TidyMom readers are really lucky today! My sweet friend Shaina of Food for My Family is here sharing a delicious recipe along with her stunning photography. Shaina is one of the busiest bloggers I know. She’s a fantastic mom and wife and is exceptionally talented in the kitchen. I am truly grateful to know someone as kind, talented and caring and am fortunate to call her my friend! Welcome Shaina…….
I’ve always liked July. June has past, with its bright optimism, the summer stretching out before it, and August’s heat ramping up for back-to-school season still feels far away. Yes, July is where the magic of summer happens: warm evenings spent lakeside, fires glowing and children chasing lightning bugs in the grass. Pure heaven.
While living in the Midwest may not afford me access to certain luxuries like ocean views, seashell collecting and the like, I still enjoy the beauty that summer has to offer, even when summer occurs in backyard pools and cheering the kids on from the soccer sidelines.
This week, we embraced summer with a nod to those enjoying those oceanfront tropical beaches with a pineapple and coconut island sorbet, spiked with a bit of coconut milk and rum for the big kids. Our beaches may look over smaller bodies of water, but when it’s 95º F and 80% humidity, it sure feels pretty tropical here.
How to pick the perfect pineapple:
- Crown: Look for bright green leaves, not wilted or crisp ones. Green leaves are a good sign that the pineapple is fresh.
- Smell: A pineapple should smell fruity, but not overly sweet. Smelling overly sweet is a sign of fermentation and that the pineapple is past its prime.
- Body: The body should be firm and not squishy, but not as hard as the glass bowl you intend to place it in. It should have some golden areas in with the green.
- Pulling the leaves: While some say if the inside leaves in the crown pull off easily the pineapple is ripe, others refute this claim and its relevance towards picking the pineapple for you.
A ripe pineapple can make or break this sorbet, as there aren’t many other sweet elements being added in. If you simply can’t find a ripe pineapple, adding a scoop or two of sugar to taste.
- 3-4 cups fresh ripe pineapple, cubed (approximately 1 whole pineapple)
- 1 cup coconut milk
- ½ cup cream of coconut
- ½ cup ginger syrup or simple syrup
- 2 tablespoons dark rum or 1 tablespoon vanilla extract
- Place pineapple, coconut milk, cream of coconut, syrup and rum or extract in a blender or food processor and pulse until no large chunks remain. Increase speed and blend until smooth. Pour into a medium saucepan and heat until boiling*. Turn off heat, cool completely in the refrigerator.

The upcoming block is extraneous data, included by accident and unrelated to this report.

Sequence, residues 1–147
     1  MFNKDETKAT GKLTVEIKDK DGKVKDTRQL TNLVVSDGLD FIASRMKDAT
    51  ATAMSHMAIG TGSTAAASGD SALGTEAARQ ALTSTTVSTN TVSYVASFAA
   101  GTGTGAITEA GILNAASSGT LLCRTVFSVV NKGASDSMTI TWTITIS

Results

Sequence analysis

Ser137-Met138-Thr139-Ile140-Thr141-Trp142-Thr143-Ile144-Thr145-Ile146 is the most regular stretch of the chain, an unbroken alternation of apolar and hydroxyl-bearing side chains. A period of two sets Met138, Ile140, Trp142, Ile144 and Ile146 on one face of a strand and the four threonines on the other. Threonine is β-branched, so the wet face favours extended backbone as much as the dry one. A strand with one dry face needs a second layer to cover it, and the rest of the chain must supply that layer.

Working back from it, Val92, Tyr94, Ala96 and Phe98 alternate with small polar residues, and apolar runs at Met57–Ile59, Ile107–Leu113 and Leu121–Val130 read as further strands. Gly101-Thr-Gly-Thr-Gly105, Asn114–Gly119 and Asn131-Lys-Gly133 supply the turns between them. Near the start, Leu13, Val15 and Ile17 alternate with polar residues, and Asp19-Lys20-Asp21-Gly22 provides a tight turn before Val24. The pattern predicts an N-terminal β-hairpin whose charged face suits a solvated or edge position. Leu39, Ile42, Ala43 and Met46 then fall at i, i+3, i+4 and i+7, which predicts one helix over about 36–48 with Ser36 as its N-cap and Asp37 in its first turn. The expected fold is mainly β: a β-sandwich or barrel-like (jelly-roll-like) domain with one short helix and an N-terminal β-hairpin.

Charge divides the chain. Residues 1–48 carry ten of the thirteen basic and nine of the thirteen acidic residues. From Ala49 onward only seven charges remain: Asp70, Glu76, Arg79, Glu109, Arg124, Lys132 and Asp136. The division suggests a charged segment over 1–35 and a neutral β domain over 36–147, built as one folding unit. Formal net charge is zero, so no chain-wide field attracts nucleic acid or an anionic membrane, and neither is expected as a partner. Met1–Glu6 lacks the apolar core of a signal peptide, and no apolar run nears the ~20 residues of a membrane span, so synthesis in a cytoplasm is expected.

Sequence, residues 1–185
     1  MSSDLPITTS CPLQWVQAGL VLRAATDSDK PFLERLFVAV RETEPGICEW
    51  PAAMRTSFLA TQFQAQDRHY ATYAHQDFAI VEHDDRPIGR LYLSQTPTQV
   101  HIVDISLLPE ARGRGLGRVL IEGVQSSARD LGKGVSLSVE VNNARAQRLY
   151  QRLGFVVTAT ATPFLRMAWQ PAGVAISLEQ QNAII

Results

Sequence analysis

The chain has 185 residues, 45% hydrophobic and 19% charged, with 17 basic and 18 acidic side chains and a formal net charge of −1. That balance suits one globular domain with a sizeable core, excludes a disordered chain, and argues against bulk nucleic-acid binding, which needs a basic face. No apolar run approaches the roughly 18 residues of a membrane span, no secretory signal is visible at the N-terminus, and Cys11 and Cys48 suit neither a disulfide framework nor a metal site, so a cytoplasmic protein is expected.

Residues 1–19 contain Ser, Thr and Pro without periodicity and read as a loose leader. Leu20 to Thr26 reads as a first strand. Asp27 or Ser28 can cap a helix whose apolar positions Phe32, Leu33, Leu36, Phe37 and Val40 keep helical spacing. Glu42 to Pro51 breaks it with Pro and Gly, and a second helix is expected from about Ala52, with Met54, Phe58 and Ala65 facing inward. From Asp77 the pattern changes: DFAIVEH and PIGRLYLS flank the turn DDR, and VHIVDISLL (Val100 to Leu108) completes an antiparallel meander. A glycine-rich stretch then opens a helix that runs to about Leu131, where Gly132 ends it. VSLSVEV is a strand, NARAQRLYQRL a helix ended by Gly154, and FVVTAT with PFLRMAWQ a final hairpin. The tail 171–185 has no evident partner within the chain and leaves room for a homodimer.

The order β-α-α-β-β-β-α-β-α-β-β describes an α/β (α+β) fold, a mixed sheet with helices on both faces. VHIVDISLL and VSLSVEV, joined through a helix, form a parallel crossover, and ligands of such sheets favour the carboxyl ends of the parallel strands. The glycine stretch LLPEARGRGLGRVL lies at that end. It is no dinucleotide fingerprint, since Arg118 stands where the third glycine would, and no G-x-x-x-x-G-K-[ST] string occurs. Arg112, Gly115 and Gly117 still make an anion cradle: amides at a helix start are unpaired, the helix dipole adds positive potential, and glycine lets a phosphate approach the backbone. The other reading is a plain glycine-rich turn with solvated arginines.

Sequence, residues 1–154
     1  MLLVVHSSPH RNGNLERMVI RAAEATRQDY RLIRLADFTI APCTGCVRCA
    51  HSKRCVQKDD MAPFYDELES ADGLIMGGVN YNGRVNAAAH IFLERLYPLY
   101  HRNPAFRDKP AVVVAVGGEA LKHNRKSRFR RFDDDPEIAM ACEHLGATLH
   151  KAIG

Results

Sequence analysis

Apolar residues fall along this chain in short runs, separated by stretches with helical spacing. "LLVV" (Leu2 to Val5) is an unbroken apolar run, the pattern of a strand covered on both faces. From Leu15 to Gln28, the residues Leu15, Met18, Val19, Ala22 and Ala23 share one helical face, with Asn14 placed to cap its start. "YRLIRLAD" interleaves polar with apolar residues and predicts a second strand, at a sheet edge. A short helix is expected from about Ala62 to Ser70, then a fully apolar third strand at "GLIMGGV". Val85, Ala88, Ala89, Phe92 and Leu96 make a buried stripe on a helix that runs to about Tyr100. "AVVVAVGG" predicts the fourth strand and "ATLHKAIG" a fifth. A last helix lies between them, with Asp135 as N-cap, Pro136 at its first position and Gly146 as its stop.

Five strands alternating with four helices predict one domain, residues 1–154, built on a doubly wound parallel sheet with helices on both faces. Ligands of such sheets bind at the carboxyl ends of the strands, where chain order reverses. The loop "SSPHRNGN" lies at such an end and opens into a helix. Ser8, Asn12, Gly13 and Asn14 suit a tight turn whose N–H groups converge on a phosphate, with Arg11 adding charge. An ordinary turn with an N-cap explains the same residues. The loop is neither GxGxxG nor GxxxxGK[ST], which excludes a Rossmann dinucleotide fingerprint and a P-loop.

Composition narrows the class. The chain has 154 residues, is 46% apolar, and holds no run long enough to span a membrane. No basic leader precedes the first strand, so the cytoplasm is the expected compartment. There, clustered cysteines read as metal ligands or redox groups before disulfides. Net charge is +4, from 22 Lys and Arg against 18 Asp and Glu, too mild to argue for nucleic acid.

- When the mixture is cool, pour into an ice cream machine and mix according to the manufacturer’s directions. Remove and serve immediately or freeze until firm. This sorbet is delicious both ways.
- *heating the coconut milk and cream of coconut produces a creamier texture to the sorbet.
1.Crown: Look for bright green leaves, not wilted or crisp ones. Green leaves are a good sign that the pineapple is fresh.
2.Smell: A pineapple should smell fruity, but not overly sweet. Smelling overly sweet is a sign of fermentation and that the pineapple is past its prime.
3.Body: The body should be firm and not squishy, but not as hard as the glass bowl you intend to place it in. It should have some golden areas in with the green.
4.Pulling the leaves: While some say if the inside leaves in the crown pull off easily the pineapple is ripe, others refute this claim and its relevance towards picking the pineapple for you.
Recipe courtesy of Shaina at Food for My Family.
Variations: ginger syrup
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Before you know it, you’ll think you’re basking in the midday sun under a beach umbrella, a bowl of piña colada sorbet to keep you cool.
She strives to teach her four children to cook and prepare real food in a day and age where many people have turned to convenience foods because they are so readily available and hopes to encourage others to do the same. Shaina can usually be found in one of three places: cooking, at the computer or behind the camera.